The statute of limitations in a personal injury case refers to the amount of time between an accident and/or the discovery of an injury and taking legal action. In most California personal injury cases, the statute of limitations is two years from the date the accident took place. Once that two years is up, and if you have yet to take legal action, you are forever barred from pursuing compensation for your injuries. The two-year limitation is normally a hard and fast deadline, and the California courts are not likely to recognize your claim beyond it.
Why the Statute of Limitations Is So Strict
People often wonder why the statute of limitations is so strict, especially in personal injury cases. After all, should not accident victims be given time to recover from their injuries before filing a legal claim? While it is true that accident victims need their rest, the statute of limitations is in place to help both them and the court system.
On the one hand, the California civil courts are already bogged down with personal injury, family law, and business litigation cases. If the courts allowed people to file claims for incidences that happened ten or twenty years ago, they would never make it through the backlog of cases. On the other hand, evidence in personal injury cases, just like evidence in criminal law cases, has the potential to grow stale. Think about it: over the course of several years, witnesses move away or die, parties’ or witnesses’ accounts of the incident fade, and even injuries themselves grow less severe. A strict deadline these types of occurrences and ensures that all parties are given a fair chance to fight their side of the claim.
The Exceptions to California’s Hard and Fast Two-Year Deadline
You may have noticed above that we said most California personal injury cases are subject to a two-year statute of limitations. We say “most” because there are some exceptions. California grants leeway to individuals who were under the age of 18 at the time of injury or who were mentally incompetent at the time of the accident. In these instances, the courts may “toll” the statute of limitations, which basically means extend it. For a child, the two-year limit may be tolled until the time the person reaches 18 and then an additional two-years beyond that. For a mentally incompetent person, the two-year limit will begin at the time he or she becomes mentally competent, if that should occur.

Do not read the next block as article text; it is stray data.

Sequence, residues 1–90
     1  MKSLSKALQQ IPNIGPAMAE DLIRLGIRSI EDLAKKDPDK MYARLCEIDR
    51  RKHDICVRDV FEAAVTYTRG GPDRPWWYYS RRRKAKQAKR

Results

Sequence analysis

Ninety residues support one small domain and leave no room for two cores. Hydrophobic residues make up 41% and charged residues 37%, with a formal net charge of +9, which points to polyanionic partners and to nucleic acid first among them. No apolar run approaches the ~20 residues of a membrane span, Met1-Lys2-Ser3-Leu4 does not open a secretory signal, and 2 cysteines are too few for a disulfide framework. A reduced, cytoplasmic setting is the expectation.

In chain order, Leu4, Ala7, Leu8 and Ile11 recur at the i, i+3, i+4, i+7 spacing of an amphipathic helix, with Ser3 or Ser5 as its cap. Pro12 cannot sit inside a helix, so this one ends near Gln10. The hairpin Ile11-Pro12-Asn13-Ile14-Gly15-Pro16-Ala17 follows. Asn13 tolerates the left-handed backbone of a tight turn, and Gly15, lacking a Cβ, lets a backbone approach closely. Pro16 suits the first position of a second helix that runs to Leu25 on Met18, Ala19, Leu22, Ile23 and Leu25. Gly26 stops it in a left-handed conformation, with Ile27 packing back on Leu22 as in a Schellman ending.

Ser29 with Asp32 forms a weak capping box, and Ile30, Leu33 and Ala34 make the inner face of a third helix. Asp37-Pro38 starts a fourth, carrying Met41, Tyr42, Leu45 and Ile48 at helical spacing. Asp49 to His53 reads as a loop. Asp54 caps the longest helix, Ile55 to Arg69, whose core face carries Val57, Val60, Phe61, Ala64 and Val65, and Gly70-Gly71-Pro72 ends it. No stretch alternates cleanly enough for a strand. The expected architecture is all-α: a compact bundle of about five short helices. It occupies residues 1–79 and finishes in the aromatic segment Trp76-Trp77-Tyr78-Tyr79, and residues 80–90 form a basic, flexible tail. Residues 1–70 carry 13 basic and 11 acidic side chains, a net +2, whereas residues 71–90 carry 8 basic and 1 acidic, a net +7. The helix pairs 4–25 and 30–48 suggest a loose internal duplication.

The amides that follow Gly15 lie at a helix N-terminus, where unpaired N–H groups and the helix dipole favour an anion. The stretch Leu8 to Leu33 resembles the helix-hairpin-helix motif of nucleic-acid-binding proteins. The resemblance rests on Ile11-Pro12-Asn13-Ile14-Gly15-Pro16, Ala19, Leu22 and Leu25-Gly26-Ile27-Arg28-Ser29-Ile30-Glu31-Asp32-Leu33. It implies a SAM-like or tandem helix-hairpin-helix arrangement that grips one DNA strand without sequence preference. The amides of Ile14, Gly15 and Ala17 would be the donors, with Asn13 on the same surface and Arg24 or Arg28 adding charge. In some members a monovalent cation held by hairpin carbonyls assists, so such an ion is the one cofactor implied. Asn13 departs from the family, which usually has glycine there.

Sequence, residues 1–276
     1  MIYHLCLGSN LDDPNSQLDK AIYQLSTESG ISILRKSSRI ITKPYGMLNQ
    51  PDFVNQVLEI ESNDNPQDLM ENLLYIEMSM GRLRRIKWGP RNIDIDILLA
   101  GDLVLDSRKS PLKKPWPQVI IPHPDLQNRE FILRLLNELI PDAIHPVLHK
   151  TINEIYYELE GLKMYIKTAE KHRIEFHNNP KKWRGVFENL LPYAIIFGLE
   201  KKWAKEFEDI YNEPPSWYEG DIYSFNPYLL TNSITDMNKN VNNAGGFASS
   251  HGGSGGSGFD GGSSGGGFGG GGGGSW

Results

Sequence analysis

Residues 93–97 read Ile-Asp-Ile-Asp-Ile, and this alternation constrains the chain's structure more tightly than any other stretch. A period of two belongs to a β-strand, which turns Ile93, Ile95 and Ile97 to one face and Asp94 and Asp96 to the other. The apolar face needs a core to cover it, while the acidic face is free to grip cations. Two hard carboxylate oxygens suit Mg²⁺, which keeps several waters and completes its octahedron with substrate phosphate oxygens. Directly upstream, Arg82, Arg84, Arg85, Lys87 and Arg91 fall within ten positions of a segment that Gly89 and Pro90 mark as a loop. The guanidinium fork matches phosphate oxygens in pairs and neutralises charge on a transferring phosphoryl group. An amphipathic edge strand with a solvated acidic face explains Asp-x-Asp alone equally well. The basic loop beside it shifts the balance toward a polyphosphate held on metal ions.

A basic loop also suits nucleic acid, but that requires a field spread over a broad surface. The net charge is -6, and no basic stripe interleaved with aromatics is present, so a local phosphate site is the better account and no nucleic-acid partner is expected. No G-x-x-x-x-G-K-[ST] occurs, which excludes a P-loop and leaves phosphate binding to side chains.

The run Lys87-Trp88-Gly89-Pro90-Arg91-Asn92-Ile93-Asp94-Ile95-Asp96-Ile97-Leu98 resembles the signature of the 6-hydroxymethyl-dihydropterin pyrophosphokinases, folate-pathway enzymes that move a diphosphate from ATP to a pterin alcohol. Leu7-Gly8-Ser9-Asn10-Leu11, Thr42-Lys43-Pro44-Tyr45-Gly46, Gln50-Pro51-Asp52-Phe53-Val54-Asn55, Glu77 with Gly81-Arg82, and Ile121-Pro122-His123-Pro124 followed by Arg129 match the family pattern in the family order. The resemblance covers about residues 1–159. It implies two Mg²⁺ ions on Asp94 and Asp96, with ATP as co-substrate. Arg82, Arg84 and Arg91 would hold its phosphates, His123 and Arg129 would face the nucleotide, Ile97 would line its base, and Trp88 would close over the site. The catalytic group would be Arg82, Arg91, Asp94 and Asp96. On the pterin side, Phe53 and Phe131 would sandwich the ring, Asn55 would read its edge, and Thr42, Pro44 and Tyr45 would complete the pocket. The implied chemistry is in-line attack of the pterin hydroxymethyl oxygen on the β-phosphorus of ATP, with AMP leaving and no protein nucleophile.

Statute of Limitations Involving Government Entities
Filing a claim against the state or federal government can be difficult, especially considering that most government bodies have several immunities in place. Immunities aside, government agencies typically have a second statute of limitation in place, or a “notice period.” In California, this notice period is 180 days; upon injury, an accident victim has 180 days from the date of the accident to file a notice of claim directly with the agency. For individuals injured on government property or by a government employee, it is imperative to speak with a lawyer right away following the accident, otherwise you may lose out on your opportunity to pursue compensation sooner than you had thought.
Let an Experienced Lawyer Be Your Guide
If you were injured in an accident on someone else’s property or because of another person’s negligence in California, you have a right to pursue compensation for your injuries via a legal claim. However, you may forfeit those rights if you do not play by California’s rules. The statute of limitations is one such rule that is hardly ever bent. Do not forego your right to compensation because of something as minor as a deadline and reach out to the Orange County personal injury lawyers at RMD Law as soon as you are able to pick up the phone. We can help you comply with state laws and fight for the compensation you deserve. Call our office now to schedule your free consultation.
- 7 Things Covered Under the Good Samaritan Law in California - February 29, 2024
- California Wrongful Death Law: What Is It and How to File A Claim - February 21, 2024
- Amusement Park Accidents: Who is Responsible? - February 15, 2024